This year, Westword named the Ballpark Neighborhood its “Best New Restaurant Neighborhood.”
The story of how this neighborhood went from rags to renaissance can be found in the papers of the late Karle Seydel, now available for research in DPL’s Western History and Genealogy Department (Level 5, Central Library).
Mr. Seydel was an urban planning consultant who moved to Denver from Boulder in the mid-1980s. In 1989, he began attending meetings of the Larimer Square North Merchants Association (renamed the “Ballpark Neighborhood Association” in 1994), an incorporated nonprofit organization initially composed of Larimer Street merchants who sought to resolve issues of crime and blight inhibiting business growth and development. Seydel’s interest in the neighborhood north of Denver’s Lower Downtown (“LoDo”) neighborhood grew, and he nicknamed the area “NoDo.”
When Denver-area voters passed a sales tax increase to finance construction of a Major League Baseball stadium in August 1990, Seydel knew just where the stadium should be built: a 76-acre site at 20th and Blake Streets.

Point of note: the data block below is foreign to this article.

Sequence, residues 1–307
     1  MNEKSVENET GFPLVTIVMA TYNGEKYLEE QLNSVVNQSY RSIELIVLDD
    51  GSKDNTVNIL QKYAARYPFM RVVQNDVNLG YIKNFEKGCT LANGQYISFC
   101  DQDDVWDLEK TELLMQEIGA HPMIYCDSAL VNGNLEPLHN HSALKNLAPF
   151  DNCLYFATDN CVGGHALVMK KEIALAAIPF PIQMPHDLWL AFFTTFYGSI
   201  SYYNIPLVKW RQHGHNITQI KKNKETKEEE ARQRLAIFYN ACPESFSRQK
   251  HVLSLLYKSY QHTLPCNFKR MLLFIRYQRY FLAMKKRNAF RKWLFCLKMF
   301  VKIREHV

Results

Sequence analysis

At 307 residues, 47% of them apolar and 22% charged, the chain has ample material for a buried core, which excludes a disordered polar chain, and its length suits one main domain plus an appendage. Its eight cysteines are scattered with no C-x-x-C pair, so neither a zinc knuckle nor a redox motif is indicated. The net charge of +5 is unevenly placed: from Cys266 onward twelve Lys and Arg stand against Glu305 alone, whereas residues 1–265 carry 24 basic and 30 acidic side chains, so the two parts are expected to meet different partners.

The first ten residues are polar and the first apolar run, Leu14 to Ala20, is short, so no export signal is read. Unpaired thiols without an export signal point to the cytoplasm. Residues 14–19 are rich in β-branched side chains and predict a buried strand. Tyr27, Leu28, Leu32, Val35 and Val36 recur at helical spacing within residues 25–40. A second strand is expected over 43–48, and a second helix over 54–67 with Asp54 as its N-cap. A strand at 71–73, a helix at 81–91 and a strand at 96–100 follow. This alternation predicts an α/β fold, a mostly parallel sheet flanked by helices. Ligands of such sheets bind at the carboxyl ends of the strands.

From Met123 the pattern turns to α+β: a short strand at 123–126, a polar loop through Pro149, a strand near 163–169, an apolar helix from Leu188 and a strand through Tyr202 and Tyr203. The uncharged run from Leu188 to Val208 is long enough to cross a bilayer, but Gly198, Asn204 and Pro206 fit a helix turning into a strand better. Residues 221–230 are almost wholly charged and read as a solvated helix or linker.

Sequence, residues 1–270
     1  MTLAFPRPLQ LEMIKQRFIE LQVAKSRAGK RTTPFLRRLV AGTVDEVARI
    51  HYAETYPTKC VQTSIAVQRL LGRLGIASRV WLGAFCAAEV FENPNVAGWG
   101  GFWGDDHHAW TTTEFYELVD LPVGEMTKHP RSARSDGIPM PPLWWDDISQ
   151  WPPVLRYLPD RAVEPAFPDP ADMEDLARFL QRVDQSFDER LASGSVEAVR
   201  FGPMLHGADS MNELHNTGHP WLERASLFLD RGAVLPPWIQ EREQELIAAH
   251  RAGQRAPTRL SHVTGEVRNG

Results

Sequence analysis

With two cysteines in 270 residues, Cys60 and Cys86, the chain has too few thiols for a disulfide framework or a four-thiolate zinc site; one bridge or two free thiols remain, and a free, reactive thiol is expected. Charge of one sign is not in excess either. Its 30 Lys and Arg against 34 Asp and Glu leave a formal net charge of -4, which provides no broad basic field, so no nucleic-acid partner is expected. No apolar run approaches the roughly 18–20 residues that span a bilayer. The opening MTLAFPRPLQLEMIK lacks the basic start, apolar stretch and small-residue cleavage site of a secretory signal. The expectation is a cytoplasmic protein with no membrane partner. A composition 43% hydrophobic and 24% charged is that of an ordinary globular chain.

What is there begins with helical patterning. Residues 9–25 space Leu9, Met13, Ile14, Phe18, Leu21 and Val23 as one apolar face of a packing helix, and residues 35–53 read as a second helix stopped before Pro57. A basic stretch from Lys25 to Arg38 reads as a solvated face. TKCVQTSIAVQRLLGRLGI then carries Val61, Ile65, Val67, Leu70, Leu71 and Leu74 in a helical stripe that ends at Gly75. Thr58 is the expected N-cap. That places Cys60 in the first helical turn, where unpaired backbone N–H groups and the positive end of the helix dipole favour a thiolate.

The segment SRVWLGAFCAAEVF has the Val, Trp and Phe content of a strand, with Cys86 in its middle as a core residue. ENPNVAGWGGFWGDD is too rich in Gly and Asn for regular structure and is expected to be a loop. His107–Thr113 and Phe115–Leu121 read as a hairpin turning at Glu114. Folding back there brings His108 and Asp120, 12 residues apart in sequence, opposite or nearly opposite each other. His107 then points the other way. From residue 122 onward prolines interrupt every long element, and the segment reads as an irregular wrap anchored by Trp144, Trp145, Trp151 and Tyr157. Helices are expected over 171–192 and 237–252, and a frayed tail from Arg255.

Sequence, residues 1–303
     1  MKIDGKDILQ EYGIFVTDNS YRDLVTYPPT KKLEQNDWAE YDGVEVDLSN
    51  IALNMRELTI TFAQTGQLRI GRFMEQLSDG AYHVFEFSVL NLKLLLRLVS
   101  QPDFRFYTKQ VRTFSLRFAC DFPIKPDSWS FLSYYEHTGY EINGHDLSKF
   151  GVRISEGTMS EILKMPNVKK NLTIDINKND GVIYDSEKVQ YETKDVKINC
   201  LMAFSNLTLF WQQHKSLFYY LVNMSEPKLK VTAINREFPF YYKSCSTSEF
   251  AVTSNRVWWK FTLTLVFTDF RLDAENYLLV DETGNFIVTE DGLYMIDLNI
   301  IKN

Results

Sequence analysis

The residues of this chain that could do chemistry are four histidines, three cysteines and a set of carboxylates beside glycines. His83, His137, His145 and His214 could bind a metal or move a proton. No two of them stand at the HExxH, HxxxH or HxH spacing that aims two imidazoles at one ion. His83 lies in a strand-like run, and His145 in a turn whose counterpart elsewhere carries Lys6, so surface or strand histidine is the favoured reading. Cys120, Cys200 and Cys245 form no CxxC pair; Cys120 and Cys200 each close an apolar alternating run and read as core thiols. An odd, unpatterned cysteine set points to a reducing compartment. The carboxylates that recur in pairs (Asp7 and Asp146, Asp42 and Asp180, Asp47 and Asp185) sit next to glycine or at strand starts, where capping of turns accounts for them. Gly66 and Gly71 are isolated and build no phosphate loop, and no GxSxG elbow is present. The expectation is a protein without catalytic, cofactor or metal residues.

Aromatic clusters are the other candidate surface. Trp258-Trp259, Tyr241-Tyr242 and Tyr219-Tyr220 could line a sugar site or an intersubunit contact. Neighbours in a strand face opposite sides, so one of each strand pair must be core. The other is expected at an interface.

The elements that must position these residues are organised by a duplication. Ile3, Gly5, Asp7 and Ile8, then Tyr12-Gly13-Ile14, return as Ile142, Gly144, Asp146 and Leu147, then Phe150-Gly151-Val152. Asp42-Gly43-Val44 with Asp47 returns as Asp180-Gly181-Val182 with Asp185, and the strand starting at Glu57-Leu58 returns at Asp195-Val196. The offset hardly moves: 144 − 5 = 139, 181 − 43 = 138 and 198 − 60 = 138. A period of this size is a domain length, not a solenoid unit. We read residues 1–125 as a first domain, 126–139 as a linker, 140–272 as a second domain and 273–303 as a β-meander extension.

Seydel envisioned a ballpark that would revitalize Denver’s downtown area, but his proposal was met with strong resistance from the Denver Metropolitan Major League Baseball Stadium District, the Lower Downtown Historic District, and Denver City Council. All three groups preferred the site that now hosts the Pepsi Center.
In response to the opposition he faced, in 1990 Seydel formed the North Downtown Alliance of Businesses and Residents for Baseball in Our Backyard. He undertook research on urban stadiums and created drawings of an old-fashioned ballpark, which would later serve as the design concept for Coors Field. Seydel also began attending Metropolitan Major League Baseball Stadium District meetings regularly and became a vocal advocate for locating the ballpark within the LoDo and NoDo neighborhoods based on factors of cost, access, and economic impact. Seydel’s convictions were justified by a report released in December 1990 by the Urban Land Institute.
The 20th and Blake Street area Seydel promoted was chosen by the Denver Metropolitan Major League Baseball Stadium District as the official site of Coors Field in March 1991. Seydel remained active in Denver’s ballpark planning process, serving on several integral planning committees. Coors Field opened on April 26, 1995.
After the construction of Coors Field, Seydel’s urban planning and advocacy work focused on creating an attractive and prosperous historical area surrounding the ballpark. This work continued until his unexpected death on May 12, 2010, at the age of 59.